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This profile was last updated on 3/1/14  and contains information from public web pages and contributions from the ZoomInfo community.

District Governor Elect

Local Address: Salinas, California, United States
Rotary International

Employment History

Board Memberships and Affiliations


  • San Jose State University
  • Bachelor of Arts degree , Social Science
  • Master of Science degree , Management
    California State Polytechnic University
  • Masters degree
  • Federal Bureau of Investigation National Academy
197 Total References
Web References
GREENFIELD - Police Chief Joe ..., 13 Oct 2007 [cached]
GREENFIELD - Police Chief Joe Grebmeier typically starts his workday at the city's police station, but that's rarely where it ends.
What's more, during his 4 1/2 years as chief, Grebmeier has brought in hundreds of thousands of dollars' worth of technological equipment for the Police Department, and he has fostered the trust of a growing Oaxacan Indian community previously leery of law enforcement.
"I can't ask anyone to do anything I'm not capable or willing to do myself," Grebmeier said."You cannot run a department from a desk, and I sometimes wish to get out more so I know what my troops are dealing with and what the public is doing."The city hired Grebmeier in March 2003 after and he and two other candidates were interviewed by city employees, county official, the city manager and Greenfield residents.
Many Oaxacans affectionately call Grebmeier, who speaks some Spanish, "El Jefe," Perez said.
Although Grebmeier participated in a police Explorer program in high school and joined the Palo Alto police reserve while he was in college, law enforcement wasn't his first career choice.
In the 1970s, he was a biology major at San Jose State University.
"I thought I was going to be a doctor one day," he said.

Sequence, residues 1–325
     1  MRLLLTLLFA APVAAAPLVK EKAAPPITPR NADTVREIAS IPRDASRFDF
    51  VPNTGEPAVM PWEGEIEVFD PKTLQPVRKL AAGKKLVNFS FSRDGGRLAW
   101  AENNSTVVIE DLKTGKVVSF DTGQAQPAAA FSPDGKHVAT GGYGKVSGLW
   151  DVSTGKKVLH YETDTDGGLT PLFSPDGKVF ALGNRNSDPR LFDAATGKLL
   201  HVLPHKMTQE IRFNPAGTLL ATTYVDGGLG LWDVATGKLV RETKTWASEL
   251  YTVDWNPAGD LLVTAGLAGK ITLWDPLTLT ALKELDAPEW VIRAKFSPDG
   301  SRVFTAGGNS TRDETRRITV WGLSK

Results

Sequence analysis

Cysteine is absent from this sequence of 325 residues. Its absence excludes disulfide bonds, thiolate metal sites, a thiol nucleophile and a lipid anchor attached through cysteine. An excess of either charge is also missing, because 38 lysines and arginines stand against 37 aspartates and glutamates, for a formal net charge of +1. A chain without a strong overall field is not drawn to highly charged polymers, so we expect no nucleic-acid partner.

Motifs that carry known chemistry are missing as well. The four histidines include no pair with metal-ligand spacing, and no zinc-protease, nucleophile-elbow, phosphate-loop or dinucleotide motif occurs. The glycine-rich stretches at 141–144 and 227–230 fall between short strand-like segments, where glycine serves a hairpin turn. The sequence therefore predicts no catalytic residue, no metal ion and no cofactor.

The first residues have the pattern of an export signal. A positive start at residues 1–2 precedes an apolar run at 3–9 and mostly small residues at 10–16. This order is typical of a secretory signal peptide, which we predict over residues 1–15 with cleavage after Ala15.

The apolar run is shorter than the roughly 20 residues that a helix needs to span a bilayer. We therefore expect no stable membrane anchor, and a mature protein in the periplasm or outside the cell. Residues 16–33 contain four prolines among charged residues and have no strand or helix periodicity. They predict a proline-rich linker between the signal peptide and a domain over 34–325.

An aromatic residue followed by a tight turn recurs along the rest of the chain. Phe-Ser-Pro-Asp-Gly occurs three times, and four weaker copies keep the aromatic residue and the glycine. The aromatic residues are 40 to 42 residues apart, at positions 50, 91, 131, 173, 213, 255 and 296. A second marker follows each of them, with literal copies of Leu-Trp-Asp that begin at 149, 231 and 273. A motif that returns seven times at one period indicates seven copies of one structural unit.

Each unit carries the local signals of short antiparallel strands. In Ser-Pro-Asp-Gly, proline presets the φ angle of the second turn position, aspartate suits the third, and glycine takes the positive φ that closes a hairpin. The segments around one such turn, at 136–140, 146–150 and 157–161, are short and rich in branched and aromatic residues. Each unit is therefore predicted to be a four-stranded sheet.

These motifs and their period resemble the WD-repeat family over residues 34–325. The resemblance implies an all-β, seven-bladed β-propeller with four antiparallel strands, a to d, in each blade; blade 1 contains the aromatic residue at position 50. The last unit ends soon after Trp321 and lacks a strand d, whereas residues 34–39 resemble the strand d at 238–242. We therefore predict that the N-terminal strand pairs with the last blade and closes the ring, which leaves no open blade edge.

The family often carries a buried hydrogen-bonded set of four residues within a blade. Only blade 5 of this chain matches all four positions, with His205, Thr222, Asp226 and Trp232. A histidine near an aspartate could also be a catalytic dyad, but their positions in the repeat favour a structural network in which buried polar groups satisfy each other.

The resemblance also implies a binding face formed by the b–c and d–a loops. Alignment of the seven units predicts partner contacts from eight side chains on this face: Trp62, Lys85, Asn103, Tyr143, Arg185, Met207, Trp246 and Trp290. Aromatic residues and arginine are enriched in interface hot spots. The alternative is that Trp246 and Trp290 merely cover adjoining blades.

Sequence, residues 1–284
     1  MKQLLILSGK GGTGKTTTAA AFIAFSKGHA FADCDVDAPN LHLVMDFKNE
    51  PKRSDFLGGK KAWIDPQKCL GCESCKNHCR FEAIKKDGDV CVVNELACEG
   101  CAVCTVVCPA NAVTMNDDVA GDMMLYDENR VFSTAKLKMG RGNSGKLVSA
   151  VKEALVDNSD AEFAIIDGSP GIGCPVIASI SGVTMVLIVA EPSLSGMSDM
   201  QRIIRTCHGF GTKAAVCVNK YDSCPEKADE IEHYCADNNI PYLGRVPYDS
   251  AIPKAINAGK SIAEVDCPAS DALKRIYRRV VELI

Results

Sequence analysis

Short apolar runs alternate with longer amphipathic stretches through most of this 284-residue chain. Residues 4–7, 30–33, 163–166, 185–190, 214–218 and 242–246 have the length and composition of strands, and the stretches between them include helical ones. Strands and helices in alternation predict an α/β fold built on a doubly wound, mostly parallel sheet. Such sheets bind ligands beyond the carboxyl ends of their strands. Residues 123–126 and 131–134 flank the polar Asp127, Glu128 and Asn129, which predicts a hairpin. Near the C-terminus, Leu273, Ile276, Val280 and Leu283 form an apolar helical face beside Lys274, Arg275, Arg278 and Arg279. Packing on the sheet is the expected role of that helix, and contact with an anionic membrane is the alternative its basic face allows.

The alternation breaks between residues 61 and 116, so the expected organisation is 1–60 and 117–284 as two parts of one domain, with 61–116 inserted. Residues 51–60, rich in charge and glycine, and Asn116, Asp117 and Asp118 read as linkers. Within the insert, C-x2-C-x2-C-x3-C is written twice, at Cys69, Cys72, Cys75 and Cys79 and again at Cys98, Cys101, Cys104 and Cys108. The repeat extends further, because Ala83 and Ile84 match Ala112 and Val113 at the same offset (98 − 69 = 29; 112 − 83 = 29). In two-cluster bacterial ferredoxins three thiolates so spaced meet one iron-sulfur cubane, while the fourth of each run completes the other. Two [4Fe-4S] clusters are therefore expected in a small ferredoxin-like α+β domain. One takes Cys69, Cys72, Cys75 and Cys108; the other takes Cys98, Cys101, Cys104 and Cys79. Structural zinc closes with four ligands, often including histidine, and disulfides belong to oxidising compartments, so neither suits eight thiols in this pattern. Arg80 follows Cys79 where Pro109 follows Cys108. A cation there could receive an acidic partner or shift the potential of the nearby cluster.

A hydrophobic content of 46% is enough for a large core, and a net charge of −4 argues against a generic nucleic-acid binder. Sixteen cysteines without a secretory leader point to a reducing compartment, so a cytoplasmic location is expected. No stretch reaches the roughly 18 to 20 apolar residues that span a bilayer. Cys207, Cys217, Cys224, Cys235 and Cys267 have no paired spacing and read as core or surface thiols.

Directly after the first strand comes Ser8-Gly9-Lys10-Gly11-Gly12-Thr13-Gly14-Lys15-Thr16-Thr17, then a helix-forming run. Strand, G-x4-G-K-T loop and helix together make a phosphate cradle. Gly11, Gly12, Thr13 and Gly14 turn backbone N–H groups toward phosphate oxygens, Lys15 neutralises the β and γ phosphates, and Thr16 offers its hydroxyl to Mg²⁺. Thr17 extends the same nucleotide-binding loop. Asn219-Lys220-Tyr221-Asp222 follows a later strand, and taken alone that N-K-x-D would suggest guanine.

But he ran out of money and had to delay getting his degree for nearly 10 years.
That, he said, led him to joining the Monterey County Sheriff's Office.In his 22 years in the department, Grebmeier said, he rose to the ranks of chief deputy in the administration bureau by the time he left in 1999.He had also served in the coroner's division.In 1981, he managed to win a slogan competition by submitting the motto "Keeping the Peace since 1850," which the Sheriff's Office uses on their vehicles to this day.
It was during his time at a police academy in Gilroy that he met now-Sheriff Mike Kanalakis.Both were hired as deputy sheriffs on Jan. 3, 1977, Kanalakis said.
"It was a cold day," he said."There were eight of us, and Joe was the baby in the group."
More than eight years after Grebmeier left the agency, Kanalakis said, they remain friends.While everyone changes through time, he said, Grebmeier has always maintained his core values of loyalty and compassion for the county he's called home for 30 years.
It was under the direction of then-Sheriff Norman G. Hicks in 1991 that Grebmeier developed a sense of community consciousness, he said.Hicks had made it clear that if anyone wanted to advance his or her career, some volunteer service was in order, Grebmeier said.
Joining the King City and Southern Monterey County Chamber of Commerce and Agriculture opened the floodgates to community participation, he said, causing him to join other organizations.
Today, Grebmeier's membership roster includes King City Rotary, the Greenfield Chamber of Commerce and the Salinas Elks Lodge.